It's also possible that the Blood Eagle is entirely fictitious. This seems to be the current consensus, but there's a lot of disagreement. Revisionist historians have challenged the idea that the Vikings were just a mob of cruel barbarians wearing horned helmets, but their depictions of "cuddly" Vikings went too far in the other direction. One of the main problems with our picture of the Vikings is that much of what we know about them was written by their enemies.
If the Blood Eagle is a literary invention, there's a good chance that this grisly method of execution was dreamed up by Christian writers trying to demonize the pagan Vikings. According to Wikipedia, "[t]here is debate about whether the blood eagle was historically practiced, or whether it was a literary device invented by the authors who transcribed the sagas. No contemporary accounts of the ritual exist, and the scant references in the sagas are several hundred years after the Christianization of Scandinavia." Considering the Christians' history of inventing martyr stories set in the Roman Empire, I wouldn't be surprised if they concocted similar atrocity stories about the Vikings.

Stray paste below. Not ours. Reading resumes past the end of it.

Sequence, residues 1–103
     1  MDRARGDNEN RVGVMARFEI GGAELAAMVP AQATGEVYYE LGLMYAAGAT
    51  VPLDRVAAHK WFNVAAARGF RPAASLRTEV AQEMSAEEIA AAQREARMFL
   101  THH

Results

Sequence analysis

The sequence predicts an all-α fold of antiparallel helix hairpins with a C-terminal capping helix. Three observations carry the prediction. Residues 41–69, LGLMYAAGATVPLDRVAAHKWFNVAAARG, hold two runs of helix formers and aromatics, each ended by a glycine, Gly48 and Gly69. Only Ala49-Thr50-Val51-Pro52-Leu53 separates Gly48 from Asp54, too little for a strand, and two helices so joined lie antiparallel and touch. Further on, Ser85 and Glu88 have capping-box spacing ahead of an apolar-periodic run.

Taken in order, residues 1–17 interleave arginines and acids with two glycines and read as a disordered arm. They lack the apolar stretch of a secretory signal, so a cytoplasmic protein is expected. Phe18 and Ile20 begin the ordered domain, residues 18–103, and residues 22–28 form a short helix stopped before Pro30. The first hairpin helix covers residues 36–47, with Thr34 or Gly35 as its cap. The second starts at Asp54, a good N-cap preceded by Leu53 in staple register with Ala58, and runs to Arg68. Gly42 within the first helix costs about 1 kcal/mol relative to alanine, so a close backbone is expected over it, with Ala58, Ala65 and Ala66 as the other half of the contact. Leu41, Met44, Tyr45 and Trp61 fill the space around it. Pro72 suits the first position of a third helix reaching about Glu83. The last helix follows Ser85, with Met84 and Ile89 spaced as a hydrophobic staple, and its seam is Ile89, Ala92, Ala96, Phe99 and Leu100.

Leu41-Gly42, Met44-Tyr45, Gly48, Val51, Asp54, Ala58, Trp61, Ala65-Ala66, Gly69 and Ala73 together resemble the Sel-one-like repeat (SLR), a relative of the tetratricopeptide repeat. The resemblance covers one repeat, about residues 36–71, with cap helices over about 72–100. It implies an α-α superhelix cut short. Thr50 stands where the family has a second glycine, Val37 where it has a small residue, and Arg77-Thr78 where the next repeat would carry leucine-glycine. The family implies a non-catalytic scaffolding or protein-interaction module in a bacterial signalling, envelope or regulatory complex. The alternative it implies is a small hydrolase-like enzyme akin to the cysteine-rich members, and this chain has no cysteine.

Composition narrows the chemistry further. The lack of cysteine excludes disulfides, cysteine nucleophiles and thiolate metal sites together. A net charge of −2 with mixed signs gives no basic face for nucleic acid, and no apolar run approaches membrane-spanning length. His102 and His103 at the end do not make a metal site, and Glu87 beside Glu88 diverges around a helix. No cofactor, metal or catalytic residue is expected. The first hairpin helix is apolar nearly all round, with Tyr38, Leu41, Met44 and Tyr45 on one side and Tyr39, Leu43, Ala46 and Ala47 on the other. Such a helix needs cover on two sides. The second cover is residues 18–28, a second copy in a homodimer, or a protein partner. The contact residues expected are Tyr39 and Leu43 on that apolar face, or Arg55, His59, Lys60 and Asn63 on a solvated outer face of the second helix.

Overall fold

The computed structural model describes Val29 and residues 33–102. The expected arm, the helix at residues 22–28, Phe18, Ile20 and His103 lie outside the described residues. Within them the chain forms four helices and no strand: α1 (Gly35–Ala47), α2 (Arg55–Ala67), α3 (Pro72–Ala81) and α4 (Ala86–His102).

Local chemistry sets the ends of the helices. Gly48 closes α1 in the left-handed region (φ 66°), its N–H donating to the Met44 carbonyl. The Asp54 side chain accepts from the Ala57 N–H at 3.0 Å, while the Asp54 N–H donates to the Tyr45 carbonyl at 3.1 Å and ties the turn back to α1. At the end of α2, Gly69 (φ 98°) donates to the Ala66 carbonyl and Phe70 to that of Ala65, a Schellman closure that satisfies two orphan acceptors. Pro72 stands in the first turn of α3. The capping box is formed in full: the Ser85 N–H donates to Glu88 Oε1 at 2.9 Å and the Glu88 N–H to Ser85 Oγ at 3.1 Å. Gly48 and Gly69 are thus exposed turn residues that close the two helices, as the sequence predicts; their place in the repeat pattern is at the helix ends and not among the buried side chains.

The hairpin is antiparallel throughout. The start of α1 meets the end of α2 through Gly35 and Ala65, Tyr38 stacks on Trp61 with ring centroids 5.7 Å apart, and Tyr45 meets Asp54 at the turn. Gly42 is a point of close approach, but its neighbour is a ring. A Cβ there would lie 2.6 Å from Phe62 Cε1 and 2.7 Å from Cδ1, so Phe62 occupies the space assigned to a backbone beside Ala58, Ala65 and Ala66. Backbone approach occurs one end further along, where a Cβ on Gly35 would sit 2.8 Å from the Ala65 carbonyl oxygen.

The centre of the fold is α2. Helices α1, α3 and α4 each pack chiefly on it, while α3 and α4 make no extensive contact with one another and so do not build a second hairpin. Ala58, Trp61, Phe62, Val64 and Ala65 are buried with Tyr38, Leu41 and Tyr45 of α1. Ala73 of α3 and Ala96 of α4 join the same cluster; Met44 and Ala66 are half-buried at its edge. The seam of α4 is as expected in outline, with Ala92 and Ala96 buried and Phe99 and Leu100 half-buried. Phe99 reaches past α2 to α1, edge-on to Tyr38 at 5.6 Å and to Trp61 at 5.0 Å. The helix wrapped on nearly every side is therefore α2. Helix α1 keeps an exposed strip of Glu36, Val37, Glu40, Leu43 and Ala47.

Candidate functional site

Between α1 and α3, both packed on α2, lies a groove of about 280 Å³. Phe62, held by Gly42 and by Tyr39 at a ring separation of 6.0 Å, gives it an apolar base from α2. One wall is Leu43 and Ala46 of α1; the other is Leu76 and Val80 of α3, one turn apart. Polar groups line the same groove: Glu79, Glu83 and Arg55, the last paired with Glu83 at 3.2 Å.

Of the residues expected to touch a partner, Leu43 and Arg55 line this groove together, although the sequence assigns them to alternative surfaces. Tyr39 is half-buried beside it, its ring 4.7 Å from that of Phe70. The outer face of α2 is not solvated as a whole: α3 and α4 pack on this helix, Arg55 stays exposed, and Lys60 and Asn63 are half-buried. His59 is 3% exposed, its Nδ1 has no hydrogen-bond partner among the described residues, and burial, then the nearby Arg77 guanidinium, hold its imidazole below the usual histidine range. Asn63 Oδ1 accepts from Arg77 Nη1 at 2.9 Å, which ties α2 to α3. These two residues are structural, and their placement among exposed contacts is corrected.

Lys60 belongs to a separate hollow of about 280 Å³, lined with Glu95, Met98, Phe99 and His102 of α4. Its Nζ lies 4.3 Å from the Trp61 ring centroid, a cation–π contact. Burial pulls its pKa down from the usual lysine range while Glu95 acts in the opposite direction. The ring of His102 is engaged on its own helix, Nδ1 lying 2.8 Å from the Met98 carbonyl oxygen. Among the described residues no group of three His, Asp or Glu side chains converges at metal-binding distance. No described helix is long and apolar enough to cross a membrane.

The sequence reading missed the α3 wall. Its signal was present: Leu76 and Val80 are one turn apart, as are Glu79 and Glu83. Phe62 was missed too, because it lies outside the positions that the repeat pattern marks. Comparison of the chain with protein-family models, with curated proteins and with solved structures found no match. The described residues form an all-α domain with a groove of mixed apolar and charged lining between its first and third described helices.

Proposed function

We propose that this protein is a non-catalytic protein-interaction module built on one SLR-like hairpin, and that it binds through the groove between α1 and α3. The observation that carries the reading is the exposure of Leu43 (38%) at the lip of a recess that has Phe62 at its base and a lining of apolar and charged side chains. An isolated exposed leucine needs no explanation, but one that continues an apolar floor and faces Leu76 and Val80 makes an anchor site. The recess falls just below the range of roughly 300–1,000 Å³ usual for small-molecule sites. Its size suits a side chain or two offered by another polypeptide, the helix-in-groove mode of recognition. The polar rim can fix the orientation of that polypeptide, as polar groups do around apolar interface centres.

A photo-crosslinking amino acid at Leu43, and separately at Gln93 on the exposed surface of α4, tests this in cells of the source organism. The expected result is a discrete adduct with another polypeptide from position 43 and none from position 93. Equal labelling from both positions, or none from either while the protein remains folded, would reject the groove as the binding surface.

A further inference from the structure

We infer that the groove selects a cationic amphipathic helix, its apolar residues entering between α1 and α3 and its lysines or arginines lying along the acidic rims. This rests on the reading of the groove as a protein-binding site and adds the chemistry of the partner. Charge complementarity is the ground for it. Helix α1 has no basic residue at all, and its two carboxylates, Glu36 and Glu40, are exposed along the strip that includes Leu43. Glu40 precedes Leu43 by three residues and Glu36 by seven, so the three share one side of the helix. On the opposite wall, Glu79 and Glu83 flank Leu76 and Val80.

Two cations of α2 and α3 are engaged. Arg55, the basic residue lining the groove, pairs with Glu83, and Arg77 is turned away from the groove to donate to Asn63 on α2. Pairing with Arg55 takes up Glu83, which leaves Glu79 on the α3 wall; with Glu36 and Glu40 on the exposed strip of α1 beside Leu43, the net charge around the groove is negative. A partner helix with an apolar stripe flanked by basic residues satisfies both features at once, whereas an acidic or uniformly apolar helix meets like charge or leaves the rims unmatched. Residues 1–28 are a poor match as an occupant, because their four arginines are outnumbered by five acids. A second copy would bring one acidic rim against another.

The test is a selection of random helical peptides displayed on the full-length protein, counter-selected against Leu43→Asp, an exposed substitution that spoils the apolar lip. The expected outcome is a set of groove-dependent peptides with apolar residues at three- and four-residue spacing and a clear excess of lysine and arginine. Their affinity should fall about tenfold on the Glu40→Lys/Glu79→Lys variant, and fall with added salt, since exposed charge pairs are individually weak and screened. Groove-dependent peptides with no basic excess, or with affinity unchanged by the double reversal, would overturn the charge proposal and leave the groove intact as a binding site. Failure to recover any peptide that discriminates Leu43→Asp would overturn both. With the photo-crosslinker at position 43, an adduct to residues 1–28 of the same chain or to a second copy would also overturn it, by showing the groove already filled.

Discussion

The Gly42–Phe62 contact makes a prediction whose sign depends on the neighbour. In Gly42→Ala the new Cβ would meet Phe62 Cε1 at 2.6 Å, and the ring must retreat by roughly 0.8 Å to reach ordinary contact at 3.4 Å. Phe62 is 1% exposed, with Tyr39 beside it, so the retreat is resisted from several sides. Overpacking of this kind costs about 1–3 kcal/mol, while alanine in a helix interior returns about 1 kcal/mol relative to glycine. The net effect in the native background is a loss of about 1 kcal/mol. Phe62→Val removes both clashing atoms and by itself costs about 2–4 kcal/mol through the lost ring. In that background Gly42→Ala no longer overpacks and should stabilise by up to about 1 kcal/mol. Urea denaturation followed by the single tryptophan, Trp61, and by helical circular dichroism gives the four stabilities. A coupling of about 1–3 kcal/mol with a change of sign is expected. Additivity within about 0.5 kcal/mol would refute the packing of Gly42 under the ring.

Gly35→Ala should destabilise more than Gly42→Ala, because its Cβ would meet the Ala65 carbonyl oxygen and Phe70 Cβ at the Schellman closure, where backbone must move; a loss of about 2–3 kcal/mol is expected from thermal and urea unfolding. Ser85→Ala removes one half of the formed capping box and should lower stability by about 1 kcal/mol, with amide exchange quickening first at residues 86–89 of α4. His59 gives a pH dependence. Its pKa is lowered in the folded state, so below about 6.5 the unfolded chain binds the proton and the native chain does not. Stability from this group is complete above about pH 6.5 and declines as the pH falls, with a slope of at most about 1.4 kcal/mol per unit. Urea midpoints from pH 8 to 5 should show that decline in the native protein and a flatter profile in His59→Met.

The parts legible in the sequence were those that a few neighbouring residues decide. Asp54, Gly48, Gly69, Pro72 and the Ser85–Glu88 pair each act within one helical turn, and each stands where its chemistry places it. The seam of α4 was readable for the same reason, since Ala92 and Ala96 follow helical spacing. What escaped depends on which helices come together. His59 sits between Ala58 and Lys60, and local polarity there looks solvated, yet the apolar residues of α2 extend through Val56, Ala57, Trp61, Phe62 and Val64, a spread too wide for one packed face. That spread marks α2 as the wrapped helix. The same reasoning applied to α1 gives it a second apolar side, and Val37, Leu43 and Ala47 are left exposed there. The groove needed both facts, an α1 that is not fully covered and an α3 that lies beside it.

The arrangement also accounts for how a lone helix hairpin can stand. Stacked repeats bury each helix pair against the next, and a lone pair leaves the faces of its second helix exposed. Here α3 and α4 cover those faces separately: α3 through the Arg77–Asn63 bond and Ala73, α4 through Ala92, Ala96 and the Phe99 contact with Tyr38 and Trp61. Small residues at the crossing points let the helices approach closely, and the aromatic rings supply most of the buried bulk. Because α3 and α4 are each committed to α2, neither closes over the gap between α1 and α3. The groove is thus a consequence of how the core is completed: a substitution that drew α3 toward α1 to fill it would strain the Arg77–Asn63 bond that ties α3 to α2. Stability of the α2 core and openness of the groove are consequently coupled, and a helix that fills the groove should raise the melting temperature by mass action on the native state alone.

Video from 2010.
When I first started to research this subject, I assumed there was a high probability that the Blood Eagle was a real thing because the Vikings are thought to have conducted human sacrifices and the Blood Eagle is, in a way, just another form of ritual sacrifice. As it turns out, though, the question of whether the Vikings killed people for religious purposes isn't all that straightforward.
There is some archaeological evidence that the Vikings may have sacrificed humans. For instance, "[a]t Trelleborg [Sweden] a sacrificial site was found from the time before the Viking fortress was erected in 980-81. In five c. 3 metre-deep wells human and animal skeletons were found, together with jewellery and tools. Of the total of five human sacrifices, four were young children aged between 4 and 7. " Source: National Museum of Denmark.
Blood sacrifice, including human sacrifice, was an intrinsic part of pagan religions. The historical sources for Viking human sacrifice are questionable, though, because they all seem to come, once again, from Christian accounts: